• Could promote healthy immune function and response

Externally

  • Maintains clean and healthy-looking skin and reduces blemishes

For further info contact doTERRA

Gardening Uses of Turmeric

Although turmeric is grown mainly for its ‘tuber/rhizome crop’, it does have a beautiful floral spike with dainty yellow to cream flowers peeking out of pockets. You can get different varieties that produce different flowers too. The plant itself does have a worthy looking stalk and lance-shaped leaves, which can add interest to the garden, giving shape, variety and colour to the garden.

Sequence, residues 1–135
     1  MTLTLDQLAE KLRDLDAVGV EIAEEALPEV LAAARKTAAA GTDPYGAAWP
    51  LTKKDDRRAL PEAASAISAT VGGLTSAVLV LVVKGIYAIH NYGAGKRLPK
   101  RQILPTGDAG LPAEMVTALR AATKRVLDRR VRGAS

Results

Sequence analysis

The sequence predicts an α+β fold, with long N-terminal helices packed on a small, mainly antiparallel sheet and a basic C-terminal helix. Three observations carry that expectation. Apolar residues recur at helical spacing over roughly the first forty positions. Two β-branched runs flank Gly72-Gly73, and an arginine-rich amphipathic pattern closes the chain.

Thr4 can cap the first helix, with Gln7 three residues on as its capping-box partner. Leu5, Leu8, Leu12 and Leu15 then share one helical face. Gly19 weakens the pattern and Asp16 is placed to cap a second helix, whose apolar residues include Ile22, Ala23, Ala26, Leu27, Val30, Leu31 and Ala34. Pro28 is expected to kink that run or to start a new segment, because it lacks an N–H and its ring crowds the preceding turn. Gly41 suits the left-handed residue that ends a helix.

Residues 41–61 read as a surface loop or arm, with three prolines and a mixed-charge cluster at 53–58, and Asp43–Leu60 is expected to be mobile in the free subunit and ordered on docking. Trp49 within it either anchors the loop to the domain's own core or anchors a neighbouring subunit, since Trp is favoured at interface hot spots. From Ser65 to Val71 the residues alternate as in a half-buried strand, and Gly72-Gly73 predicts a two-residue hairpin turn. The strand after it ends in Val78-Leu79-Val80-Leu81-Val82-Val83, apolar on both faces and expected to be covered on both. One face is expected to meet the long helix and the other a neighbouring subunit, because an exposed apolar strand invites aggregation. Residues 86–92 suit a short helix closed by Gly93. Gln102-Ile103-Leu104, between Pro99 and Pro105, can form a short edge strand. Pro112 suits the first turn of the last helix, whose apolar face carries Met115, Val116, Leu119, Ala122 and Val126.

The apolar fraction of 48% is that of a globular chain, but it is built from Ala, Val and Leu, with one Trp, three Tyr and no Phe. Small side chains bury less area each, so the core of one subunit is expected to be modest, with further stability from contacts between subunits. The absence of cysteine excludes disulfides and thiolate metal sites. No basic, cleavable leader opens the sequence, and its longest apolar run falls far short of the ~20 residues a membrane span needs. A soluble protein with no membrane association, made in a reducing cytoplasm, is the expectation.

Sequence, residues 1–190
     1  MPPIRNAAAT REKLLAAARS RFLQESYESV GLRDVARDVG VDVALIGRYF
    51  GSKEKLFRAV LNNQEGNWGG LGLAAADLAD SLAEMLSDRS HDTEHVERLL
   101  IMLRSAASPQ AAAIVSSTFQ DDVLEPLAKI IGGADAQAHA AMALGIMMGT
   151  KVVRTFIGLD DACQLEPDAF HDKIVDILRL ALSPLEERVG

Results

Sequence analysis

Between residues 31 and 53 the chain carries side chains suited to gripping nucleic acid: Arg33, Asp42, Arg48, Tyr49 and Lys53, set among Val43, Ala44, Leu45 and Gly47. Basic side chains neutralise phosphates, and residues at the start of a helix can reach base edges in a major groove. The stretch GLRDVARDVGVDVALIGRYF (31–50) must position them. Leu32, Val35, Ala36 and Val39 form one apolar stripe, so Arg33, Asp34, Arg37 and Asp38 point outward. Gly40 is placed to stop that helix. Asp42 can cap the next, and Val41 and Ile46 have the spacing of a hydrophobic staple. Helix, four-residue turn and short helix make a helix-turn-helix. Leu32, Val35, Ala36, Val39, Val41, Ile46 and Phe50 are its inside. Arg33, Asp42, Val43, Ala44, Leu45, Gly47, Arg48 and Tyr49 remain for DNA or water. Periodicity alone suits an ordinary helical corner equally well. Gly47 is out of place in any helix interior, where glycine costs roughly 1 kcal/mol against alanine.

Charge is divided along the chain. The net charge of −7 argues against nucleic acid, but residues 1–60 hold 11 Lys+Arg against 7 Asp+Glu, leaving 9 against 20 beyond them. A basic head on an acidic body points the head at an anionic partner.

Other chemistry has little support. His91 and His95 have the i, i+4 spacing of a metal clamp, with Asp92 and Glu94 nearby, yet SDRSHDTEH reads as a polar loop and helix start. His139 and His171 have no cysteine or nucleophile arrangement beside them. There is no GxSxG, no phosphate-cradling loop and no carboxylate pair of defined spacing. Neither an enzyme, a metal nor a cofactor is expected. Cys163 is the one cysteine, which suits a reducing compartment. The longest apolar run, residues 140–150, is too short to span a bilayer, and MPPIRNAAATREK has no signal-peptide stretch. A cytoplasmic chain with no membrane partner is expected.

Turmeric can be a very productive crop and in one season if grown well, one plant should produce a bucketful of healthy brown rhizomes, which are a orange yellow on the inside.

Other Uses

Due to its powerful yellow colouring ability, turmeric is excellent as a natural dye, this not only includes cloths, silk and cotton, but it is used to colour medicines, paints and varnishes, and also foods, such as cheese and yogurts and confectionaries.

Warning, warning!

I must add, that turmeric really does have a wonderful ability to stain, and if you are using the extract curcumin, as I have done, the tiniest bit can spread like you wouldn’t believe. Just get a speck on your fingers and for some strange reason it ends up ‘everywhere’!


How to Grow Turmeric